It’s almost summertime, and ladybugs are everywhere. I find them in my house, room, and even my parrot’s cage. This leads me to a logical question: What happens if my parrot eats a ladybug? Are they poisonous or not? Hopefully, my parrot won’t eat it, but you never know!
The good thing is – one or two ladybugs are not dangerous for a parrot. However, in significant numbers, they can poison your parrot. So, make sure your bird doesn’t eat them regularly. Luckily enough, ladybugs are not tasty. Your parrot probably won’t eat another one for a long time after the foul taste in its mouth! If it eats one by mistake, I wouldn’t worry about the bird; it’ll probably spit it out anyway.
Ladybugs have created a powerful method that diverts any predator from their kind – they taste horrible. In this article, let’s find out the tiny insect’s secret and what can actually happen to your parrot!
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Are Ladybugs Poisonous for Parrots?
Ladybugs do release a yellow fluid from their legs’ lands (also known as reflux blood) that tastes foul and can be dangerous for predators in large amounts. But, mostly, one ladybug will just taste bad for the bird, and your pet won’t eat one again.
There are several thousands of kinds of ladybugs on Earth; did you know that? And all of them have varying amounts of toxins in their tiny bodies. As a rule of thumb, the brighter the insect is, the more poisonous it is. This rule applies to many living organisms on our planet; ladybugs are not an exception.
The most toxic are orange ladybugs, then black, and after that red. Blown ladybugs are the least toxic as they mostly rely on camouflaging as a form of protection. However, even one orange ladybug will not harm your bird. The reflux blood secreted when the insects feel threatened does contain toxins and tastes terrible. Your parrot will hardly want to eat another ladybug anytime soon.
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My Parrot Ate a Ladybug: What to Do?
Any owner will be stressed if their pet eats something strange and potentially dangerous. A whole living organism with its protective tricks is even scarier. Thus, you need to know how to react and help your bird.
If you notice it eating a ladybug (even an orange one) but can do nothing to stop it, just sit with your bird for several minutes and observe it. Your bird should be perfectly fine; it’s just a precautious measure. And even if it’s been two bugs, your pet should be alright.
Now, if you suspect a greater number of “flying snacks” (although highly unlikely due to their foul taste), stay with your bird longer. Check for worrisome signs such as lethargy, mood swings, swellings, energy loss, etc. As an owner, you already know your parrot’s habits and can tell when something is wrong.
Obviously, if you notice any unusual signs, call your vet, describe the issue, and follow their instructions. Also, remember to offer your bird plenty of fluids at this time.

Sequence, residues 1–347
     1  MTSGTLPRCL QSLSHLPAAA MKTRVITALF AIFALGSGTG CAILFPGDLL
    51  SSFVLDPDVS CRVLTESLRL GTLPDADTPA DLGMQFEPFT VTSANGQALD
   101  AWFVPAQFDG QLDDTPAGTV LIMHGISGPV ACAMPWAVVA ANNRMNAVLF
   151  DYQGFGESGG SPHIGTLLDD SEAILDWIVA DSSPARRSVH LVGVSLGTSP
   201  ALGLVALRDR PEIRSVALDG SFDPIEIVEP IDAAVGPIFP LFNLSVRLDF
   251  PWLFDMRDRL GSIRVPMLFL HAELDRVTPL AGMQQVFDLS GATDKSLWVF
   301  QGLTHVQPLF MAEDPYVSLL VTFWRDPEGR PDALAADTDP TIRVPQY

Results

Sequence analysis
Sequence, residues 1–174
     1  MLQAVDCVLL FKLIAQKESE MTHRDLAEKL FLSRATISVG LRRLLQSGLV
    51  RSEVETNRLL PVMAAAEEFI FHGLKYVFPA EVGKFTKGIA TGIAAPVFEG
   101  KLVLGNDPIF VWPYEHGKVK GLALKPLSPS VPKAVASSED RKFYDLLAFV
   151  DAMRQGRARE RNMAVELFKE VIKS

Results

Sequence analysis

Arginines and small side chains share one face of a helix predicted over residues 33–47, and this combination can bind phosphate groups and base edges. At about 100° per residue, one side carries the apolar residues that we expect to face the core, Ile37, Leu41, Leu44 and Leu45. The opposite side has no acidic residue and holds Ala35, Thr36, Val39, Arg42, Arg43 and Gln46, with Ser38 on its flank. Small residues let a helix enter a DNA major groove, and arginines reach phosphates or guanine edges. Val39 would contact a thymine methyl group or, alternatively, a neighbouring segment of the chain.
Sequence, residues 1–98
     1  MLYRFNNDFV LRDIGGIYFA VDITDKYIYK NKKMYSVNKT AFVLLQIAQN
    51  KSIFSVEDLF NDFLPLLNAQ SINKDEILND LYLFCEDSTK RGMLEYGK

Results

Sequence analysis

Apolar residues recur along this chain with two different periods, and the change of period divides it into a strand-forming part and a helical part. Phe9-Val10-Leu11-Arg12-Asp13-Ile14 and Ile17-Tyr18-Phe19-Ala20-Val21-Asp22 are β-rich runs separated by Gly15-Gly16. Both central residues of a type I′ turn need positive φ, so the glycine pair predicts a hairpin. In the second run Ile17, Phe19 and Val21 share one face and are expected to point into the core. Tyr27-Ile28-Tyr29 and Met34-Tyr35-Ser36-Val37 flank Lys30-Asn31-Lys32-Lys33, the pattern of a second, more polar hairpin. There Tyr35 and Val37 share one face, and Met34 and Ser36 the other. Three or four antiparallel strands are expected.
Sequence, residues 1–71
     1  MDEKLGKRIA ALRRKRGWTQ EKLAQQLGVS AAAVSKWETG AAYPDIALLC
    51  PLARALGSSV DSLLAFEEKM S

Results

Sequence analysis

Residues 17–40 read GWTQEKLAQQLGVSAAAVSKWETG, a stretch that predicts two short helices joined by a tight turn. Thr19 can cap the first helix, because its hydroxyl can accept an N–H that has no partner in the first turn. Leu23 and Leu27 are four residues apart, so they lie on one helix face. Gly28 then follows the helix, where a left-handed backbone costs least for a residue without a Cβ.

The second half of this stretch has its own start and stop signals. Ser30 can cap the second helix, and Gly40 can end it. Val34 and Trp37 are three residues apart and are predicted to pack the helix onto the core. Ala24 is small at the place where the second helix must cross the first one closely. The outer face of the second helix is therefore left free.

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How to Get Rid of Ladybugs at Home?
Now, let’s start with the ways to prevent ladybugs from entering and generally being attracted to your home.
The first tip is to put those nets on windows and doors designed specifically for keeping insects out of your home. Also, put screens on all other openings as well.
Plus, if you have a garden or grow plants indoors, you better remove those that attract ladybugs: fennel, parsley, calendula, chives, cilantro, etc. (herbs are safe for parrots in general)
On the contrary, mums and lavender deter ladybugs. Plus, lavender-scented and lemon-scented diffusers or other house stuff will do wonders in keeping ladybugs at bay. Though, I suppose mums are not the best choice in a house with parrots – their leaves are poisonous to the bird. Try them better for the garden.
Not that you’ve sealed your house and made everything to deter new ladybugs, it’s time to exterminate the ones that are already in.
First of all, I recommend catching ladybugs and setting them free somewhere far away from your home. And it’s not only about the humanistic points, though partially about them as well. When you kill a ladybug, it leaves that toxic secretion around the place, which is obviously dangerous if you have a pet at home. Thus, letting those bugs go is a win-win situation!
As a trap, you can use natural light! Ladybugs are attracted to light places, and you can easily catch them on a bright spot on your couch or walls.
You can also spray the locations with vinegar if it’s not a couple of stray ladybugs. If the issue is even worse, put diatomaceous earth around the windows and the doors. In time, it’ll dry out and kill the bugs.
Finally, call a pest service to deal with it professionally if the issue goes out of hand.
Act as fast as possible because ladybugs release pheromones that attract other ladybugs to their location!
All in all, ladybugs are not as dangerous for your parrot as it may seem. Large infestations of these insects at homes are not typical and can be dealt with via pest services. In a regular home, when you see some stray ladybug in your house once in a while, you have nothing to worry about. If your parrot eats a ladybug, pay close attention to the bird just in case!